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Being active and getting regular exercise is an important part of maintaining good health. If you are looking for an interesting way to stay active, you might consider giving gardening a try! It can pay off in more ways than one.
First Off, is Gardening Even Healthy for Seniors?
Yes gardening is good for seniors! Gardening is good for just about everybody and for so many reasons. Here are just a few of the ways gardening can help improve your health (www.webmd.com):
- Vitamin D exposure
- Reduces stress
- Builds confidence
- Breathing fresh air
- Creates opportunity to socialize
- Fresh veggies, herbs, and fruit
- Improves attention span, and helps seniors dealing with isolation and boredom
There is an amazing bounty of positive benefits for those who garden. There are even studies that show gardening can reduce the chances for dementia and can help stimulate and improve memory in old age (pubmed.ncbi.nlm.nih.gov).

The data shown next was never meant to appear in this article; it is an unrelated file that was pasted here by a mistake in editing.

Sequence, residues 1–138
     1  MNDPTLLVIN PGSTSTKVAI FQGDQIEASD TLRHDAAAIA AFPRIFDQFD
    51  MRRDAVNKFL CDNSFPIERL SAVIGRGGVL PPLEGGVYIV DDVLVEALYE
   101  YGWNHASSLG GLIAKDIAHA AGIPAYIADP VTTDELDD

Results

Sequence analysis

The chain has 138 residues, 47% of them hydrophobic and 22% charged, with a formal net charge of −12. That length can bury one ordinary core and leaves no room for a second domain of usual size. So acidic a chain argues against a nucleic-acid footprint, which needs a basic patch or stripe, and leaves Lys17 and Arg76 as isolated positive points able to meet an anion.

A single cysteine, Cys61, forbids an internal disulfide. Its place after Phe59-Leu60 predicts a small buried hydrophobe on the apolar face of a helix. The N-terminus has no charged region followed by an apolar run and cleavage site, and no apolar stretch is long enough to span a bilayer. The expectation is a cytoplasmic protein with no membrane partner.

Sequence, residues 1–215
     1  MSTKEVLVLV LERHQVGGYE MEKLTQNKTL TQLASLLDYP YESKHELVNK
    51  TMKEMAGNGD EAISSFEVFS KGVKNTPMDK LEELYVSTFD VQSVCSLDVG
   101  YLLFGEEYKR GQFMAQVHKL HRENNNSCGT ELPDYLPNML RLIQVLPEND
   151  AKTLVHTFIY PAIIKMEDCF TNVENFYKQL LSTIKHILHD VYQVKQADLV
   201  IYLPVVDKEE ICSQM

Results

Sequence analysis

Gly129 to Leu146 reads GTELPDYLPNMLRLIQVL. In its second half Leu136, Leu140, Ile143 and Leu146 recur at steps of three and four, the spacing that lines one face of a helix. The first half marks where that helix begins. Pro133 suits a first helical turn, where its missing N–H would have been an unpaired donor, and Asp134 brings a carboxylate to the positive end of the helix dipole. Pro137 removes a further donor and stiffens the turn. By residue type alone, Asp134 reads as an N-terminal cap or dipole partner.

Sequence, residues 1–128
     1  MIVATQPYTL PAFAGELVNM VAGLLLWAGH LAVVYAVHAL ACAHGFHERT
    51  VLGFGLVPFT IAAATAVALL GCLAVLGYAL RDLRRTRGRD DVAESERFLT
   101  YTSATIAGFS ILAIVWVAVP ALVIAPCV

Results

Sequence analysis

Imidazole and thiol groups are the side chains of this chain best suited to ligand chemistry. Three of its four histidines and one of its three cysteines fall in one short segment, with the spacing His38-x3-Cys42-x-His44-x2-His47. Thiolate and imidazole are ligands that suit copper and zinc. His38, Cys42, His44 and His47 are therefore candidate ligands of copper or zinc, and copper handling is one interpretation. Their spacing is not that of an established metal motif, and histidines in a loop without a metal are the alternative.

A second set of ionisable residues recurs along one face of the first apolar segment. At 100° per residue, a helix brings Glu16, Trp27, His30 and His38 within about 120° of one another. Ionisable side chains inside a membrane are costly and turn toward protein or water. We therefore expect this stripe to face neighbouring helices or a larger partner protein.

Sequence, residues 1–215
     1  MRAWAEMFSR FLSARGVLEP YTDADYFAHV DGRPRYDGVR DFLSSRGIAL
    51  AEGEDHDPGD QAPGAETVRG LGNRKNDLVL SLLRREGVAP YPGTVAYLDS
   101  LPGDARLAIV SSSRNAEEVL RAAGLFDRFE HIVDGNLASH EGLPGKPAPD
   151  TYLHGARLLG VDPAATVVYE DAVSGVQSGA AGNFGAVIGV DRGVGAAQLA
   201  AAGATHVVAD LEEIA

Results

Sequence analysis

The best benefit of all, is enjoying the rewards of the garden such as fresh flowers, vegetables, and herbs, which we all know taste better than what you buy at the store.
Is Gardening Good Exercise for Seniors?
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Gardening can be excellent exercise for seniors as long as some caution is used to avoid injury. Gardening chores that are light duty can be a good way to burn calories and improve mobility (www.gardeningknowhow.com).
As with any activity, it is important to use safety and moderation to avoid strain or injury. Here are some safety tips to remember while working in the garden:
- Stretch before and after to reduce risk of strain.
- Drink plenty of water.
- Wear sunblock.
- Wear sunglasses, a hat, and lightweight/light colored clothes to protect your skin from the sun.
- Take frequent breaks, especially in the heat.
- Wear gloves and long sleeves to protect your skin from scapes and irritants.
- Wear knee pads when kneeling to protect your knees.
- Avoid lifting heavy objects alone. Always use teamwork.